6 Tan et al. BMC Plant Biology (2015) 15:62 Page 6 of 16 Figure 3 Averaged transcript levels of four genes in transgenic 35S:HvCesA4 and 35S:HvCes8 T 1 plants. X-axis depicts the transgenic lines and control plants (where n = number analysed). The transcript values were averaged for sibling lines with similar phenotype. Where possible, null segregants were selected from three different parental lines. For clarity between very high and low transcript levels, the Y-axis for normalised mrna copies/microlitre is divided into two different scales (black and red). Error bar is the standard error of the mean (SEM) of biological variation between sibling lines. (A) Transcripts measured for SCW 35S:HvCesA4 transgenic plants were the HvCesA4 transgene and ehvcesa4, ehvcesa7 and ehvcesa8. Plants within the same line exhibited variations in phenotype. There were three independent lines with a dwarfed phenotype (black solid circle) and three other with a normal phenotype. (B) Transcripts measured for SCW 35S:HvCesA8 transgenic plants were the HvCesA8 transgene and ehvcesa4,ehvcesa7 and ehvcesa8. There were three lines that were stunted, sterile and died young (open circle), three lines with a brittle node phenotype (black solid circle) and three lines with a normal phenotype. detected, and there was no significant increase in plant stem strength. A 46-53% decrease in stem strength relative to controls was found in Line 3 and Line 20, which are likely due to reason unrelated to cellulose content. T 0 plants transformed with constructs PCW or SCW were also analysed and showed that there was no significant increase in either crystalline cellulose content or stem strength (data not shown). Observation of crystalline cellulose using immunofluorescent- labelling in stem tissues of T 2 plants To examine potential changes in cellulose distribution as related to the chemically quantitated reduction shown in Figure 4, immunofluorescent labelling with the CBM3a protein was conducted, for both internode and node sections of dwarf T 2 35S:HvCesA4 plants and brittle node T 2 35S:HvCesA8 plants (Figure 5).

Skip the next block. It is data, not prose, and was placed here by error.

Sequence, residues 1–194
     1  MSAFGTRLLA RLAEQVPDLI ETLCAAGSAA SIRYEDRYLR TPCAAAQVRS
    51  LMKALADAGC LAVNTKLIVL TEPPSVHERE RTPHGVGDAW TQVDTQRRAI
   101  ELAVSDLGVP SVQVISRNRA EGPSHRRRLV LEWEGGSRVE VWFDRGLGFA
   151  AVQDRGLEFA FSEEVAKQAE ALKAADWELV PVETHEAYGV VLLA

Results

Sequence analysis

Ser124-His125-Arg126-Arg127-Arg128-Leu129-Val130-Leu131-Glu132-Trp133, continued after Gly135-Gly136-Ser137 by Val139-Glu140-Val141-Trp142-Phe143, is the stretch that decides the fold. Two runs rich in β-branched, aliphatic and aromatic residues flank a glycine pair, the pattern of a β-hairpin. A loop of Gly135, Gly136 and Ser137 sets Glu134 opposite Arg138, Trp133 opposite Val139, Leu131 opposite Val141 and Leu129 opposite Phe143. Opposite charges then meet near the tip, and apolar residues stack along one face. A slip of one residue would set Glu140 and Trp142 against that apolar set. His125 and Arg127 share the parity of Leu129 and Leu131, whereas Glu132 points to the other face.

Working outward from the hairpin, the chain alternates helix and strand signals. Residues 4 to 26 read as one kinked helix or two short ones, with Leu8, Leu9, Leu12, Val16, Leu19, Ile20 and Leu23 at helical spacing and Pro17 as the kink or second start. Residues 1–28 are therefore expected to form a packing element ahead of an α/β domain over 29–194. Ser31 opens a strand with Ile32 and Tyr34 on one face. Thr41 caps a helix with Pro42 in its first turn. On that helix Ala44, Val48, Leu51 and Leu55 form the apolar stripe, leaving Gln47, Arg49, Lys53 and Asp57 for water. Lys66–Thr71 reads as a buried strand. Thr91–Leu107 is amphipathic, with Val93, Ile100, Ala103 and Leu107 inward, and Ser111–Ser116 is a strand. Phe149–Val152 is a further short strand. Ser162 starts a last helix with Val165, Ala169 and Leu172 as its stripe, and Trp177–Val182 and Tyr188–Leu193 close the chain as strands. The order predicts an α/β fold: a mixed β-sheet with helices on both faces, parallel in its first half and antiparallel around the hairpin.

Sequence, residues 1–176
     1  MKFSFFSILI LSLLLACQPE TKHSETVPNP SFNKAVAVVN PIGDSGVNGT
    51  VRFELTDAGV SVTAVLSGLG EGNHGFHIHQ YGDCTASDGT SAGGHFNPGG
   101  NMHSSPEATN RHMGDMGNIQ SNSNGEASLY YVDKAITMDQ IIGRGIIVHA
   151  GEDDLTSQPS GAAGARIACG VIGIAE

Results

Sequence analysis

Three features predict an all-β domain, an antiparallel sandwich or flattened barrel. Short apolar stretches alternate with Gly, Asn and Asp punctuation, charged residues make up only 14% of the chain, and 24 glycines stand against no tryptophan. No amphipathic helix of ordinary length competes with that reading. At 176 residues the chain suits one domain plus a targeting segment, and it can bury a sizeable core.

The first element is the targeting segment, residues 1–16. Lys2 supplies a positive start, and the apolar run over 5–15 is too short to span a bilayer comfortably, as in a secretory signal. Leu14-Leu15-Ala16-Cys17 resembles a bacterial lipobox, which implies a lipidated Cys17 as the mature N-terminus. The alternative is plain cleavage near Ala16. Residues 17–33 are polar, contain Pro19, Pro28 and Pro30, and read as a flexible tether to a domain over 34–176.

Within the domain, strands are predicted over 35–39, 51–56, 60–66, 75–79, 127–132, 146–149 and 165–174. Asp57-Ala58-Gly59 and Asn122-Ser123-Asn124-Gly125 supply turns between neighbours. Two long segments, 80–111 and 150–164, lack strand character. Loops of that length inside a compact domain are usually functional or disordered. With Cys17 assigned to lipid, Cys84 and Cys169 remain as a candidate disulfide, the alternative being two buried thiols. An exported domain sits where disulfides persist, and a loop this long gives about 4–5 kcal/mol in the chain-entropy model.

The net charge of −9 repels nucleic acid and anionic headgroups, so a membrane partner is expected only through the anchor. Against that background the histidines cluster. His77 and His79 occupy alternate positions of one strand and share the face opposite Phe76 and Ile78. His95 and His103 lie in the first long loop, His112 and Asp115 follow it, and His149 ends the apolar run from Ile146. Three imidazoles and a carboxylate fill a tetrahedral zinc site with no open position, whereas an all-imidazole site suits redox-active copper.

7 Tan et al. BMC Plant Biology (2015) 15:62 Page 7 of 16 Table 1 Percentage gene levels in transgenic vs control plants Transgenic T 1 35S:HvCesA4 Transgene/Endogenous ratio Endogenous HvCesA4 Endogenous HvCesA7 Endogenous HvCesA8 dwarf 82% 25% 36% 32% normal 215% 115% 95% 112% Transgenic T 1 35S:HvCesA8 Transgene/Endogenous ratio Endogenous HvCesA4 Endogenous HvCesA7 Endogenous HvCesA8 stunted 79% 6% 7% 4% brittle node 644% 44% 42% 14% normal 518% 32% 35% 44% Values are calculated as [(T/E)*100] to determine the ratio of transgene transcript levels to its corresponding endogenous gene expressed in control plants, where T = Average gene levels in transgenic plants and E = Average corresponding endogenous gene level in control plants. For endogenous genes, percentage expression in transgenic cf. control plants were calculated. Fluorescence intensity of labelling on both node and internode sections of T 2 35S:HvCesA4 was reduced for all cell types (Figures 5C and 5D) compared with control sections (Figure 5B). In the case of the T 2 35S:HvCesA8 plants (Figures 5E and 5 F), all cell types were labelled at a similar intensity to the control (Figure 5B). Similar reductions in intensity were detected in the node sections for T 2 35S: HvCesA4 plants (Additional file 1: Figures S6 and S7). Although the immunocytochemical images will normally give a semi-quantitative estimation of crystalline cellulose, the less intense fluorescence detected in the internode and node sections of T 2 lines carrying the 35S:HvCesA4 construct was consistent with the reduced amounts of crystalline cellulose measured chemically (Figure 4). Tissue architecture, cell wall thickness and lignin distribution in 35S: SCW HvCesA plants Staining with toluidine blue showed that xylem vessels in internode cross-sections of dwarfed 35S:HvCesA4 T 1 plants were partially collapsed and had irregular boundaries along the elliptical xylem vessels (Figure 6). Collapsed xylem vessels were also observed in leaves from dwarf plants (Additional file 1: Figure S8) but were not seen in 35S:HvCesA8 T 1 brittle node plants or in control plants, where xylem vessels were round in shape (Figures 6A, 6B, 6E, 6F). For severely stunted 35S:HvCesA8 T 1 plants, samples were collected and fixed shortly before the plant died. These plants appeared to comprise only the leaves arising from the crown of the base at the plant (Additional file 1: Figure S9). Secondary xylem (meta-xylem) did not develop, perhaps because the tissue was too young, but normal proto-xylem development was observed. Cell walls for collapsed xylem from T 2 35S:HvCesA4 were examined for reductions in cell wall thickness, as were the sclerenchyma cells (Figures 7A D). Consistent with the more severe morphology observed in 35S: HvCesA4 dwarf plants (i.e. collapsed xylem), their xylem cell walls were thinner overall, had irregular edges and were occasionally interrupted by apparent gaps in the middle lamella layer. In some cases, two walls detached at the middle lamella (Figure 7B). This was not seen in control plants. The SCW of sclerenchyma cells located under the epidermis of the stem also showed a reduced thickness for both T 2 35S:HvCesA4 plants (Figure 7D). Cell walls in T 2 35S:HvCesA4 appeared collapsed and cell wall thickenings were located mainly at cell corners. Measurements for xylem cell wall thickness were taken from ten images of xylem vessels imaged from two independent lines and a 45% reduction in xylem cell wall thickness was found in plants carrying 35S:HvCesA4 (Figure 7G). This decrease in cell wall thickness was further supported by a decrease in percentage of total cell wall material (AIR) extracted from stem tissues, although we acknowledge that the yield of AIR material will be only semi-quantitative in nature. It was found that dwarf 35S: HvCesA4 and brittle node 35S:HvCesA8 plants had 44% and 10% reductions in total AIR extracted, respectively (Figures 7E, 7F). Aohara et al.  attributed a rice brittle node phenotype to a drastic reduction of lignified tissues in the node. Nodes from three different T 2 35S:HvCesA4 and 35S: HvCesA8 plants exhibiting the brittle node phenotype were therefore sectioned and stained with phloroglucinol- HCl but no significant changes in lignin content were observed (Additional file 1: Figure S10). Discussion To investigate whether stem strength in barley and hence resistance to lodging might be improved through increasing cellulose levels in cell walls, barley was transformed with individual PCW (HvCesA1, HvCesA2, HvCesA6) and SCW (HvCesA4 and HvCesA8) cellulose synthase cdnas from barley (Burton et al., ), driven by the constitutive CaMV 35S promoter. We have used the CaMV 35S promoter successfully to over-express transgenes in barley and other groups have used this promoter to successfully overexpress transgenes in rice [25-27], although we acknowledge that alternative promoters such as maize ubiquitin  and rice actin  have been shown to be generally more active in monocots.